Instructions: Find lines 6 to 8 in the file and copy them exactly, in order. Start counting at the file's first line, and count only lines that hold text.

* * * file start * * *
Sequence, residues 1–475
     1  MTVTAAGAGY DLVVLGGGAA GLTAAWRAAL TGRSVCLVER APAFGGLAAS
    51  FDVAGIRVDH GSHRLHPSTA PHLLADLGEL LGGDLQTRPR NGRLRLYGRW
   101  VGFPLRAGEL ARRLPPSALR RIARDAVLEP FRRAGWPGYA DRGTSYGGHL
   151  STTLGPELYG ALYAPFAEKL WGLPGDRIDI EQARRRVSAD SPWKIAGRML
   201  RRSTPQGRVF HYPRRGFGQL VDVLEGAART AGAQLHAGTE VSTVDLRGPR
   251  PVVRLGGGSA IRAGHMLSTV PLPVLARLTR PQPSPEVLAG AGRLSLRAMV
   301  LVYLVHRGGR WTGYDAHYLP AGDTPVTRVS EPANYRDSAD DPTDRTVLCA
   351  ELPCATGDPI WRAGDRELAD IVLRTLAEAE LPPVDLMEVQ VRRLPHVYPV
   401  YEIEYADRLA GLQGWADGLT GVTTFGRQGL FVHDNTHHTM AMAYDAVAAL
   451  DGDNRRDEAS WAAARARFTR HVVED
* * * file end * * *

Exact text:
   201  RRSTPQGRVF HYPRRGFGQL VDVLEGAART AGAQLHAGTE VSTVDLRGPR
   251  PVVRLGGGSA IRAGHMLSTV PLPVLARLTR PQPSPEVLAG AGRLSLRAMV
   301  LVYLVHRGGR WTGYDAHYLP AGDTPVTRVS EPANYRDSAD DPTDRTVLCA